Our Biology Is Social
A Talk With Richard Levins
Um outro mundo é possível -- Another world is possible.
You're a professor of population sciences; so, what's up with us humans?
We can describe the present plight of our species as an eco-social distress syndrome. It pervades everything: The relations to the microbial world, to the physics of the atmosphere, to breathing in the chemosphere, to nutrition and food production -- even our own biologies have been transformed.
Human biology is a socialized biology. For instance, one of the constants of human physiology has been the belief that blood pressure increases with age. Well, it does in our society; it does not among hunter/gatherers and pastoralists. Our posture is very much determined by class position and gender relations: whether you're willing to be noticed or trying to avoid being noticed, and under what conditions. Even breathing -- the question of whether you breathe deeply or shallowly, depends on stress patterns. Our eating habits have certainly changed body size. The fact that we have electric light in this country means that people sleep less; serotonin and melatonin cycles are undoubtedly altered. We know that there are class differences in cortisol behavior. So our biology is social. Our human biology has been transformed. We are living in an environment that we've created, and a lot of that environment is social and emotional. And the emotional factors are as real as chemical ones.
A lot of these changes have been made possible by science. Science does good things too. How could it work differently?
Science has a dual nature. On the one hand it's part of a long historic increase in our understanding of the surrounding world. On the other hand it's the product of a knowledge industry. And that knowledge industry recruits, takes its agenda, and decides what's a problem and what's a good solution, on the basis of the needs of the owners of that industry. In an earlier time the owners of science were the princes, who kept scientists around as decoration. Now they are the trans-national corporations, so that ownership determines the patterns of knowledge and ignorance.
In the areas that are closest to my own knowledge, we know a lot about controlling pests with pesticides because they are commodities. That's a way in which knowledge can be turned into a marketable commodity. We know so much less about controlling pests by simply having the right mixture of crops or by creating good conditions for spiders, because you can only publish that knowledge as a column of advice in Farm and Garden.
So you have a pattern of knowledge and ignorance and the first thing a scientist has to ask is, "Is the agenda of my science really where it should be? Do I want to join in the cutting edge of that science or do we need a very different kind of cutting edge coming from a different source?"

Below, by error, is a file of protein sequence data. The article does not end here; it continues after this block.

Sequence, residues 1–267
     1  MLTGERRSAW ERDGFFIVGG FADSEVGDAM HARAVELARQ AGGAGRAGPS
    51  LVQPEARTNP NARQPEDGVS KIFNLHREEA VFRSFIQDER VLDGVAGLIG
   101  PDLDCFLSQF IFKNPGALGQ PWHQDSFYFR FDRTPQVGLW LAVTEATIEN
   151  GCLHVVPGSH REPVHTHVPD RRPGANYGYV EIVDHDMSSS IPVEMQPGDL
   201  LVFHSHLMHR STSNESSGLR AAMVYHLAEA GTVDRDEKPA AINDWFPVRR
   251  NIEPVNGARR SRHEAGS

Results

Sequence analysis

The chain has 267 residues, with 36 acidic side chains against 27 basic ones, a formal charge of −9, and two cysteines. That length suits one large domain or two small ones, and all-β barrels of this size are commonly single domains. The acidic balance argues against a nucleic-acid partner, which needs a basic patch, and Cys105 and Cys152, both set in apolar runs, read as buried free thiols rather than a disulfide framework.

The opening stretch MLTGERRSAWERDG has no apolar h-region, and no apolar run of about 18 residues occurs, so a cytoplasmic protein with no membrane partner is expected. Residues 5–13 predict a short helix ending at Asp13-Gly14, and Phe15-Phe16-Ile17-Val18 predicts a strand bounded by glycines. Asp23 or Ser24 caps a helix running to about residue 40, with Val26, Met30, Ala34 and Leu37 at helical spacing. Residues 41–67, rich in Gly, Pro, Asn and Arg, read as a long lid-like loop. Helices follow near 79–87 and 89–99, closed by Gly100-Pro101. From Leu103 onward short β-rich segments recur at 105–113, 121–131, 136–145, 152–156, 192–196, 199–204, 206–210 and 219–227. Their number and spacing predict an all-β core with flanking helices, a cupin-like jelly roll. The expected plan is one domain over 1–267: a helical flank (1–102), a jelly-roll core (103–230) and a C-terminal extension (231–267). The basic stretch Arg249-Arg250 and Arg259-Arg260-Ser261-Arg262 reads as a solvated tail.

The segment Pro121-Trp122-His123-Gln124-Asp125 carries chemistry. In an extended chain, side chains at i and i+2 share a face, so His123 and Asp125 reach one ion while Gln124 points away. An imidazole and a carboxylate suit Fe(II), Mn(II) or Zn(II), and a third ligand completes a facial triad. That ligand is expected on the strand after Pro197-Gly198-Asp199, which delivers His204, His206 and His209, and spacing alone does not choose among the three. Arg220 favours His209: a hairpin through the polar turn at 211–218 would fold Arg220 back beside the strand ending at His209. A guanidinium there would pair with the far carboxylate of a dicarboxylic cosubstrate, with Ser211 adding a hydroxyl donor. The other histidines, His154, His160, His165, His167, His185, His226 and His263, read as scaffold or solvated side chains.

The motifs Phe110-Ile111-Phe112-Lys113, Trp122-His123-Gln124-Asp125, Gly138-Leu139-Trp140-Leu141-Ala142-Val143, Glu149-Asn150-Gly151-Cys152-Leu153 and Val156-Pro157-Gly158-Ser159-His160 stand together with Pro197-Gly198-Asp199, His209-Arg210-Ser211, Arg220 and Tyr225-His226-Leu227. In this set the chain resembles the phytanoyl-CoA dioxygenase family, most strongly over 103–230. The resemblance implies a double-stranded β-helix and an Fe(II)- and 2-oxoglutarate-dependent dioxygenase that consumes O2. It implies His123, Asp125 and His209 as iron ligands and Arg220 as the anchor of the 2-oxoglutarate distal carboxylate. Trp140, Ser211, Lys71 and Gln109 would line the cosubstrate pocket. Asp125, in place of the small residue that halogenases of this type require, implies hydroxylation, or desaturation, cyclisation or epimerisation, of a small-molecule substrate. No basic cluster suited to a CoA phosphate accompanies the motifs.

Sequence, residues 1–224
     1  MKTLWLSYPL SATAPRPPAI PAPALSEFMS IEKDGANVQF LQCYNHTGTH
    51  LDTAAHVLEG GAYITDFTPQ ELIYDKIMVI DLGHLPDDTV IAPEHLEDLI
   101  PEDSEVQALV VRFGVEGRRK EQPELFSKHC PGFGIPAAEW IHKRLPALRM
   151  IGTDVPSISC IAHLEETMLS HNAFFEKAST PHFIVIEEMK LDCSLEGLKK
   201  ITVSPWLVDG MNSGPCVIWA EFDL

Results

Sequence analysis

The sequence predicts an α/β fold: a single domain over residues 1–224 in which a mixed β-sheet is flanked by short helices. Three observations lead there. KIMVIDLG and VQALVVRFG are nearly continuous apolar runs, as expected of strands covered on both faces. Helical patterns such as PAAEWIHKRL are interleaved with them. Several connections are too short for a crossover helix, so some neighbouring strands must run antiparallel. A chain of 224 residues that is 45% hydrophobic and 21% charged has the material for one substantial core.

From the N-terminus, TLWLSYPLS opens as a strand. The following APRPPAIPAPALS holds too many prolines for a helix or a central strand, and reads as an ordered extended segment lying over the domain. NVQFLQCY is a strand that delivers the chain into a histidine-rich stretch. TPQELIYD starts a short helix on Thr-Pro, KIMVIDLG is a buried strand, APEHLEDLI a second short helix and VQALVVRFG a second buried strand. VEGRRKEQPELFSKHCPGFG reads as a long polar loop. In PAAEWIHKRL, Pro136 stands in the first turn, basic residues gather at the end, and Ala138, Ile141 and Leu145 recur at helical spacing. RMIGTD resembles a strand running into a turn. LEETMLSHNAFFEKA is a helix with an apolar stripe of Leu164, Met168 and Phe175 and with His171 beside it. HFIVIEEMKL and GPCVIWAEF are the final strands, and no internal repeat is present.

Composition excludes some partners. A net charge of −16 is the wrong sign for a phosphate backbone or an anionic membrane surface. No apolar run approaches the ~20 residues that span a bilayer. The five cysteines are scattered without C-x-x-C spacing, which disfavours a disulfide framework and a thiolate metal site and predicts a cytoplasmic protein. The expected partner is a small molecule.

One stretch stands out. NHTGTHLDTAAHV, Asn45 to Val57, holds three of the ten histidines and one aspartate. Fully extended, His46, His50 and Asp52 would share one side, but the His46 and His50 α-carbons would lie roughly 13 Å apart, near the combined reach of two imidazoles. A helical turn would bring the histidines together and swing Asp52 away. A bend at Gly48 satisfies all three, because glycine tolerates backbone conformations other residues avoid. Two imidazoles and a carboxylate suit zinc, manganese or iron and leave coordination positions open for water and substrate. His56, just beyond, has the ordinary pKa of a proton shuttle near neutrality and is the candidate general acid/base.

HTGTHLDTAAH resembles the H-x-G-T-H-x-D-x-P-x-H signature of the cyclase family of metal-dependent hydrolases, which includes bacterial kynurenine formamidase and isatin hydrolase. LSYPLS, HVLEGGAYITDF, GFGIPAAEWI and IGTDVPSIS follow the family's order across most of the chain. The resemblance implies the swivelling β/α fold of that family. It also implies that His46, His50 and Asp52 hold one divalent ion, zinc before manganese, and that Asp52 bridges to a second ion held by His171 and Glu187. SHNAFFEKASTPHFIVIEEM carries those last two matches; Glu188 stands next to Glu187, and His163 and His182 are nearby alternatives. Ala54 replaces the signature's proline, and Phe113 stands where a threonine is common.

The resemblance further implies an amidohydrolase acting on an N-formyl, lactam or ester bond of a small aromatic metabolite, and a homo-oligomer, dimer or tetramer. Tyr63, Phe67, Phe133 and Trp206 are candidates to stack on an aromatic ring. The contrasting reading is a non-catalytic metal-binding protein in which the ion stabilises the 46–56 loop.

To really be able to do this, you have to have one foot outside of the academy. Science is very good at picking up idiosyncratic mistakes, like having dirty glassware or dividing by zero or having confounding factors, but it's no good at all at identifying the shared biases of the whole community. That's simply described as "mainstream" or "common sense" or "cutting edge." People who evaluate research are the ones who've created the way it is now, so they tend to be very good at guaranteeing that the worst kinds of errors aren't made but not at really advancing science where it's needed.
There are different actors in the development of knowledge and they each have their areas of blindness as well as insight. So, for instance, in the international work I do with agriculture, it's very often the case that people living in the country feel a desperate urgency to guarantee that there will be beans available in three months. And this creates a great demand for pragmatism, which sometimes is unwilling to take the detours necessary to understand what's really going on. On the other hand, people coming from the outside very often have the luxury of looking at a longer time range, but are also less sensitive to the needs of the population. And the scientists from the country they are visiting are caught in between a concern for their own people but also with looking for validation from the international scientific community.
There's a tremendous urgency to get grants from the outside, to publish in foreign journals, to be invited to international meetings, to have a degree from one of the big places, and the problem is you then get a kind of intellectual colonialism. It's interesting that the great schools of tropical public medicine are not in the tropics. It's Walter Reed Hospital, the Pasteur Institute, the London School of Hygiene, and each of them is related to colonial expansion. So they focused on the diseases that interfered either with the safety of the troops, or the health of the colonial administrators, or with the extractive industries.